I’ll feel better when something like “Situational Servant Leadership” gets more play. Perhaps some feel that it is associated with situational ethics, which is not the case at all….hmmm…. And Situational Leadership is waay missional….I’ve got another name for it: covenant-keeping (chesed. Folks don’t like that one either…too other focused…

    Ryan, I won’t roll my eyes, but I will say this:

    The church is the Body of Christ, made up of its many individuals, all mystically “in” Christ and indwelt by the Holy Spirit…this church gathers together in different locations throughout the world, and it has buildings that hold its meetings…but buildings are not the church, they are tools of the church to be used to accomplish God’s mission through each individual Christian as well as through groups of Christian who band together to join God in his mission to reconcile the people of the world to himself (and each other).

    For those who are “professional clergy” or staff members, the church is their employer…it is where they work…and this is where everything gets screwed up. Because then the managers at the church feel that they can “use” their brothers and sisters to accomplish the goals and objectives of the church…not necessarily God’s mission at all times. And when that happens, it’s very bad…for everyone. And if the managers encounter “challenges” with those brothers and sisters, they frequently find ways to “encourage them to move on” rather than help them mature and grow in Christ…or refuse to grow themselves by following the servant leadership in their midst. And so these people must leave that fellowship and start over somewhere. But very little “truth” is ever told or heard–by anyone–and so those who leave are wounded and those who stay are wounded…and no one binds up the wounds, because they would have to acknowledge them in order to do that…and so the blind eye and deaf ear are turned….and blood pools in the halls…and gets tracked everywhere…what a mess!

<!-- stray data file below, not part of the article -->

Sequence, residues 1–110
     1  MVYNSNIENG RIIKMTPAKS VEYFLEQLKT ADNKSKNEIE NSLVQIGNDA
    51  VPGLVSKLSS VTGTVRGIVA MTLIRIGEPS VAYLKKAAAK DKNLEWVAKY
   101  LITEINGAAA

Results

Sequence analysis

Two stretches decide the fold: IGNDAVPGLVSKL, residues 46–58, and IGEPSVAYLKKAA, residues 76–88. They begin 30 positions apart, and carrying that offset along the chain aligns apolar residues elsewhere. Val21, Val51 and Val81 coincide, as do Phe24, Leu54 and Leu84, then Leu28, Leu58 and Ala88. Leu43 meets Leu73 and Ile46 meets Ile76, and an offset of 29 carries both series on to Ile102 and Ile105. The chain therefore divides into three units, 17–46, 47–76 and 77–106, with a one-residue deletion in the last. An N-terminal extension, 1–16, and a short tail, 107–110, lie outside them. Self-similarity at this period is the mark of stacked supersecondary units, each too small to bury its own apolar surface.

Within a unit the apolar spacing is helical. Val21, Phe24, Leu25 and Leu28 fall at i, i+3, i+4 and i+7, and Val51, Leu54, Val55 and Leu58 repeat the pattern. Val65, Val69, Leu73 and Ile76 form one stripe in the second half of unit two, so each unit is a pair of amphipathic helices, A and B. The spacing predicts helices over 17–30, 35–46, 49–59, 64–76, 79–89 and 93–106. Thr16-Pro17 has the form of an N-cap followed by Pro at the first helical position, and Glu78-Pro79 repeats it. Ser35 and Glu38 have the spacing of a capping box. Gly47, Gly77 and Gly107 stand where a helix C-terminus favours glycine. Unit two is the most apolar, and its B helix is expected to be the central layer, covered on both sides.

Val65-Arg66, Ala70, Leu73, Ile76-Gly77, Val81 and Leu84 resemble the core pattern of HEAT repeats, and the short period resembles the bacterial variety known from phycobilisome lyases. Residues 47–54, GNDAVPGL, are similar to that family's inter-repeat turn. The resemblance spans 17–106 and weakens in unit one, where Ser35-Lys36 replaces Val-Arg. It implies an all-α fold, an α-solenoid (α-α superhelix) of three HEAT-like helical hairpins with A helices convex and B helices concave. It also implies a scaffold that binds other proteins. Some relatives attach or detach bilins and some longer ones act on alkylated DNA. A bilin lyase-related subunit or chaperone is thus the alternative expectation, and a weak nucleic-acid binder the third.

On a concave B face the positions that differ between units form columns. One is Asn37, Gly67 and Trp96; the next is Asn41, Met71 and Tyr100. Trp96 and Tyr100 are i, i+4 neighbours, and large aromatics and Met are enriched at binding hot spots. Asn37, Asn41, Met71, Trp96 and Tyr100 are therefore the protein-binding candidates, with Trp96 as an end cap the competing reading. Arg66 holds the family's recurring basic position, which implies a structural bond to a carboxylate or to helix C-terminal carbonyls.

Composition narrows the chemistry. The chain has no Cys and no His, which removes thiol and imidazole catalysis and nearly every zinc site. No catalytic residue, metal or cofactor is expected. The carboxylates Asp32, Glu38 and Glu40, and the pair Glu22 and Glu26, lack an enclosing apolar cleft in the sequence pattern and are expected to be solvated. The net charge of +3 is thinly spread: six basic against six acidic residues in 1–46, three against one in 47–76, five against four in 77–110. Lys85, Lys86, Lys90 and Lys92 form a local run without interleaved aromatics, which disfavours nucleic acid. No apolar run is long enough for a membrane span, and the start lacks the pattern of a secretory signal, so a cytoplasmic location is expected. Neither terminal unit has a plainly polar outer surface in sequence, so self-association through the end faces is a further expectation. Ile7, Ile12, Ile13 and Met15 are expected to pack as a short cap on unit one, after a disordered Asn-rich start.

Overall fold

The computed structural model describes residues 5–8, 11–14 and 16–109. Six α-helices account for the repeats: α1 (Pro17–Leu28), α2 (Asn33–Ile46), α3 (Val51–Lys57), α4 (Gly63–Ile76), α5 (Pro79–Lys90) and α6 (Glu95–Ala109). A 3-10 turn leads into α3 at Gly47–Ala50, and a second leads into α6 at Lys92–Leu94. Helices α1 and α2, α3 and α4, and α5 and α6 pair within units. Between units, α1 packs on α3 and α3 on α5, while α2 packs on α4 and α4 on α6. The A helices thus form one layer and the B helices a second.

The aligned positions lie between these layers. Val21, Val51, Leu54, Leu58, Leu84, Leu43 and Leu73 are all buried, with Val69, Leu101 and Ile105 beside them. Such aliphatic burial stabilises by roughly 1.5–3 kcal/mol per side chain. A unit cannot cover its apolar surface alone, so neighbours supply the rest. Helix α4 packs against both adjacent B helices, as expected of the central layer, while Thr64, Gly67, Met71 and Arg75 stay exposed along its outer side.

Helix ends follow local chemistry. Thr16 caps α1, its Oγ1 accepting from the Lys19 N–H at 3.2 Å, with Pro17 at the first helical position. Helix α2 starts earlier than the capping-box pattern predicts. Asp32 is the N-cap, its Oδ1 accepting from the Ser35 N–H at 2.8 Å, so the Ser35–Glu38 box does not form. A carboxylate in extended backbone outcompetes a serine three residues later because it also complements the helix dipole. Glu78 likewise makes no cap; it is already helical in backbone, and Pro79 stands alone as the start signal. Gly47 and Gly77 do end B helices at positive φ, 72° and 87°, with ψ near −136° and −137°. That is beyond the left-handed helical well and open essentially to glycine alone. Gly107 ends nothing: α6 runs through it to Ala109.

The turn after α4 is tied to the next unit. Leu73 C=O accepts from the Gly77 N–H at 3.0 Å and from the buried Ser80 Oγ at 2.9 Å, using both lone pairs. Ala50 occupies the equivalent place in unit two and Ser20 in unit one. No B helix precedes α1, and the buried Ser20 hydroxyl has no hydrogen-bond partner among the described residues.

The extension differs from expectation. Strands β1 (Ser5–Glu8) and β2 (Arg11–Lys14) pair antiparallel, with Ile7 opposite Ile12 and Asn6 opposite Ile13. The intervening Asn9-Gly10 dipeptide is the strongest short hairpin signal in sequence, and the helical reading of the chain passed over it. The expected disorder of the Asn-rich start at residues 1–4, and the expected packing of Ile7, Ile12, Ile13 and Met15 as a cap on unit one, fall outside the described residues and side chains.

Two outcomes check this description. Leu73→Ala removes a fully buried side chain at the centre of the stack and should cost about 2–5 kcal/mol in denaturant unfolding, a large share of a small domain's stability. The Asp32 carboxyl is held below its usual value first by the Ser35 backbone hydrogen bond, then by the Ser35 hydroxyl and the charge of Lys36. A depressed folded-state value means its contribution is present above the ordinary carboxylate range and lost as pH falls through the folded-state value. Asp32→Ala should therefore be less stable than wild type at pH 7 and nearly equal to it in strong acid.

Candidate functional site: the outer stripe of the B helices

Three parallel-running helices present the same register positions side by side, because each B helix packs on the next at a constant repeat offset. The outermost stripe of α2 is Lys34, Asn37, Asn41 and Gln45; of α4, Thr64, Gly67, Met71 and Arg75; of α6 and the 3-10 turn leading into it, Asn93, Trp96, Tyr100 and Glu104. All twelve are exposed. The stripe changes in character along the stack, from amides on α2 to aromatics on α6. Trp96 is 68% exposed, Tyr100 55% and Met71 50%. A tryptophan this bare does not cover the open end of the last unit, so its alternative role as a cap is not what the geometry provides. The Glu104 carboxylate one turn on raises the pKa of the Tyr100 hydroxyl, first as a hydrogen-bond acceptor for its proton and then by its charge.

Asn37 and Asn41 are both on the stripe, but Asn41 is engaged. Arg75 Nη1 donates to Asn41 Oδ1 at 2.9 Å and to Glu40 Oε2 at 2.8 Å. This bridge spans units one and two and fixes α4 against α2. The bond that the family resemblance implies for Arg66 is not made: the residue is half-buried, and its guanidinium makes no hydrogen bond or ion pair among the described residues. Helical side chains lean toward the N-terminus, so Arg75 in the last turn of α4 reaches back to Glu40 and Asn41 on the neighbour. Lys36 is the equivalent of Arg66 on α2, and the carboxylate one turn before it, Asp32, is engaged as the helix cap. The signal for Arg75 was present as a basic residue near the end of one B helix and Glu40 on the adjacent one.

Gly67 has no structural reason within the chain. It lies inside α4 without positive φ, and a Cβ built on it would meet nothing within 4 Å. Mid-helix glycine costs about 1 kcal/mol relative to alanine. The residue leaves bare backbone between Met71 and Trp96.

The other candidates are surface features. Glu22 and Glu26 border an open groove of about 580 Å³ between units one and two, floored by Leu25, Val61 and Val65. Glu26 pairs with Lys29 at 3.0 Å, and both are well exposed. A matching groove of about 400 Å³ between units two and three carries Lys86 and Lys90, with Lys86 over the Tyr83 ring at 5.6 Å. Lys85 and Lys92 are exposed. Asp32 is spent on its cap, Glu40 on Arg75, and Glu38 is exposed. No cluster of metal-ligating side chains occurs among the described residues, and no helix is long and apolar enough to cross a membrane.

Oops…that soap box popped up…

  18. Celtic Son Says:

    The Brother proposes an opposition “the Academy vs. the Business model” – and suggests “I may have gotten myself in trouble just with the post title” Probably… but perhaps from a perspective not raised as yet… The trouble with your title Brother is that “the Academy” and “the Business” are NOT opposed models…

    While the academy may teach a “biblical” model it lives by a “business model.” The organisation is infected with all the pretensions, politics, kudos and reward systems of hierarchical “management” structures. So, which does the student believe… the preaching or the practice? What incentive is there to believe the preaching, when the practice exists in the Academy and is the same practice faced in church life? Those who teach set the entry benchmark for others to enter the hallowed halls – and if there are insufficient signs of malleability or potential co-dependency it’s likely to be “hasta la vista Baby!” Entry as a student or lecturer generally requires “success” in a benchmark set by academia – it’s self-fulfilling prophecy! Until there is a requirement for academics to also be CURRENTLY involved in practicing mission and CURRENTLY living in the real world, our academia will perpetuate institutionalisation along with it’s demi-gods, vice-principals and lack of other principles!